Keeping negative, hurtful thoughts in your mind (your thoughts or those of someone else) continues to have a negative effect on your immune system.  You want to get those thoughts, those feelings, out of your head.  Some people write.  Sometimes this works for me.  For example:  One day I had a phone conversation that left me absolutely furious!  I couldn’t do anything but pace around the room, muttering to myself.  I knew my blood pressure was dangerously high.  I couldn’t go to sleep.  I didn’t want to talk to anyone and take my anger and frustration out on them.  So I decided to write.  The following poem, which I often refer to, is the result of that day.

The Devil Is A Relative

Rage strong enough to kill

Is a nurtured and cultivated skill

Produced by cunning and pressure

Needled and twisted by someone’s pleasure.


 This person is surely not a stranger

Not one you’d associate with danger

Nor a friend who wishes you well

More than likely someone from hell.


Beware the two faces of kin

Smiling while plunging the knife in

Someone we’re taught to tolerate

Can with years of abuse

Transform love into hate.

After writing that poem, I felt such a release of stress!  It enabled me to get the emotions out onto paper instead of locked inside my head.

If it is a person who upset you, let you down, another way to get those feelings out is by writing that person a letter.  You don’t have to mail the letter, just get your feelings out onto paper—outside of you!  If there is someone you trust to keep your feelings to themselves, read the letter to that person.  I watched a woman in a Women’s Shelter read a letter she wrote to her husband.  He would come home from working as a policeman keeping her community safe, only to find any excuse to beat her before going to bed.  Her heartfelt letter explained how she felt, her disappointment, her pain, and her anger.  I sat next to her as she read her letter.  It was like watching a flower bloom, as while she read, her back straightened, her shoulders went back, and she smiled after sincerely yours.  Just being able to express how she felt enabled her to release so much stress.  Of course, it is also even more helpful when your feelings are validated by others, and you are given the support you want and need.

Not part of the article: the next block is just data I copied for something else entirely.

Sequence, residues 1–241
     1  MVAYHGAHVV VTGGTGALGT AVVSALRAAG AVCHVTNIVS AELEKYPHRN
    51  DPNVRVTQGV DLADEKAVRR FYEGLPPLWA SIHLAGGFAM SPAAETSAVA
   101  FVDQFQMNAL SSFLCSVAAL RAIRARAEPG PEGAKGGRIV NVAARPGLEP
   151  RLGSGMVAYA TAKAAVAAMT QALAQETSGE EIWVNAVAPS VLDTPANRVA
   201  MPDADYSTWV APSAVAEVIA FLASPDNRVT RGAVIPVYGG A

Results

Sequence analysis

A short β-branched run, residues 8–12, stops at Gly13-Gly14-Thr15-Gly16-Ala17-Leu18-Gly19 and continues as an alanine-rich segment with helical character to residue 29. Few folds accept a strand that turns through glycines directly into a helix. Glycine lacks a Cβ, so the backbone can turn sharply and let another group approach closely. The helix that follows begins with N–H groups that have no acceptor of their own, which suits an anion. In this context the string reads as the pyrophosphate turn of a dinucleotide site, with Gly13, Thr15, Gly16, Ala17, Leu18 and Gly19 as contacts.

There is always aggressive sports, aerobics, swimming multiple laps, or even going on a cleaning binge of your car or home.  The idea is not to sit and brood, continuously bringing the past into the present, reliving those painful memories.  Dr. Deepak Chopra’s book, Perfect Health–The Complete Mind Body Guide, is one of the first books I read to help me understand the mind-body link.  Thomas DeLauer’s Organic Health Program concentrates on the physical side of this connection with an “Organic 7-day Total Body Reset.”  He offers a limited money-back guarantee.  It’s easier to think of more positive things when you feel good physically!

The incidents don’t cause the pain inside you.  It is your reactions to the incidents that cause the pain.  If a total stranger called you a bad name, you’d look at the stranger and consider that person crazy.  If someone you know and care about calls you that same bad name, your feelings are hurt.  It is your reaction that causes you to feel the pain.  Remember, although it’s not easy, you have the power to determine what you will allow to hurt you.  You always have that power!

2 Comments on “Disease

  1. Many people living with chronic disease turn to their faith for solace and comfort. Most of the posts on Anna’s blog are reflections on living with Parkinson’s and how her faith applies directly to every symptom, struggle, or issue at hand. She uses the Bible to find answers for the challenges both she and other people in her life face, finding inspiration and solace.

    1. I’ve also heard that people who suffer with Parkinson’s respond favorably to harp music.